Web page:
Once a plan is developed, it must be tested. Envisioning and responding to imaginary cyber attack scenarios will help organizations better prepare for legitimate threats. Testing varies according to business size, Simonson says. Mom-and-pop shops may only need to test their strategies once per year, while larger organizations will need to practice on a more regular basis.
Insurers are in a unique position because they not only have to safeguard against security breaches; they also assist other organizations after cyber attacks occur. “What we’re seeing is that all entities in all industries are increasing their use of technology and information assets,” explains Kevin Kalinich, cyber security expert at Aon.
There is a perception that businesses have heightened their risk of cyber attacks through greater use of new technologies such as big data and cloud, says Kalinich, but this is not the case. These technologies don’t necessarily make exposures worse, he explains, but they do change the nature of security breaches -- and how insurers respond.
Prior to the recent breaches at Home Depot and Target, cyber insurance was increasing at a rapid rate of 38 percent per year -- almost twice the growth rate of any other line of insurance. Since more high-profile breaches have been publicized and more organizations are demanding cyber insurance, carriers have begun to step back from offering coverage.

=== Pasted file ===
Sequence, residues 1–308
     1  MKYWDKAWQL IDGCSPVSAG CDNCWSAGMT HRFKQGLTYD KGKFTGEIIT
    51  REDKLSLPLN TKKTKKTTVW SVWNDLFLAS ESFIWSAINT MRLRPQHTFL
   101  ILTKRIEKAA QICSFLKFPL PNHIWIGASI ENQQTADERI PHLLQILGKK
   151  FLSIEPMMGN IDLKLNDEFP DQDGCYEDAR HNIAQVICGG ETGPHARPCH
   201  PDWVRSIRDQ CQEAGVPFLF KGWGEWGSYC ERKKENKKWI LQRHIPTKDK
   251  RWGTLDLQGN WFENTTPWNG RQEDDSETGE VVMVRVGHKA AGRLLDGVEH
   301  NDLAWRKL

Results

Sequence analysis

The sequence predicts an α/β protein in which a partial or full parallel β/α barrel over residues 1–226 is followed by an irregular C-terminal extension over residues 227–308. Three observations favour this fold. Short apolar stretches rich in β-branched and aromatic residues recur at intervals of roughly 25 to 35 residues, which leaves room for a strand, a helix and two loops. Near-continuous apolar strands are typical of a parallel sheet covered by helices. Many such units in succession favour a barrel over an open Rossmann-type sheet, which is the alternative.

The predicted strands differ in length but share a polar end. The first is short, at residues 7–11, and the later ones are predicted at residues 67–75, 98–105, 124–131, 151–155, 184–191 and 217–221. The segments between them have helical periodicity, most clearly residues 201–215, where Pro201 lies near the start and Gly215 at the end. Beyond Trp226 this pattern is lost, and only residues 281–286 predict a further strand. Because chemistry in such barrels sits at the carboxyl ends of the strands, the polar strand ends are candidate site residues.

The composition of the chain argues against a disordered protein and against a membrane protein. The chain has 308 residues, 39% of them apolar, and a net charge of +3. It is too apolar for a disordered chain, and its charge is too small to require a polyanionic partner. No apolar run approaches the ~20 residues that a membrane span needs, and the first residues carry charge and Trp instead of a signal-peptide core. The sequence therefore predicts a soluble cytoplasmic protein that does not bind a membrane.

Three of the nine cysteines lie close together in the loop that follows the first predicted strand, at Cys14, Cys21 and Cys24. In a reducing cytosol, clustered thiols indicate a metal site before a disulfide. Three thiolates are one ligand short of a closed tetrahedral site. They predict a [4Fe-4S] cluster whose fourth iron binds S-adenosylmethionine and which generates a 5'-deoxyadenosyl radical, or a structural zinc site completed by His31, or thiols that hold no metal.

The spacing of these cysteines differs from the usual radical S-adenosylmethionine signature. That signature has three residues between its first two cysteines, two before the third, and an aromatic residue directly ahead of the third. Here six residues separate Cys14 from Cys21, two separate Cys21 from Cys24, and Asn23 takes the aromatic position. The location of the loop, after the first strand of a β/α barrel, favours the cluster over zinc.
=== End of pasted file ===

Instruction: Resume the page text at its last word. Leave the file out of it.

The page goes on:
As insurers examine their own security strategies, they are also trying to determine how to administer cyber insurance policies without incurring losses, says Kalinich. Since this is a new area for insurers, the industry is working to figure out which areas of cyber security warrant the greatest scrutiny from underwriters.
On a positive note, the highly regulated nature of financial services organizations has proved an asset to their security strategies. Whereas executives in other businesses often don’t recognize the necessity of risk management, Kalinich says, insurers and other financial companies are accustomed to paying great attention to security mandates.
Kelly Sheridan is the Staff Editor at Dark Reading, where she focuses on cybersecurity news and analysis. She is a business technology journalist who previously reported for InformationWeek, where she covered Microsoft, and Insurance & Technology, where she covered financial ... View Full Bio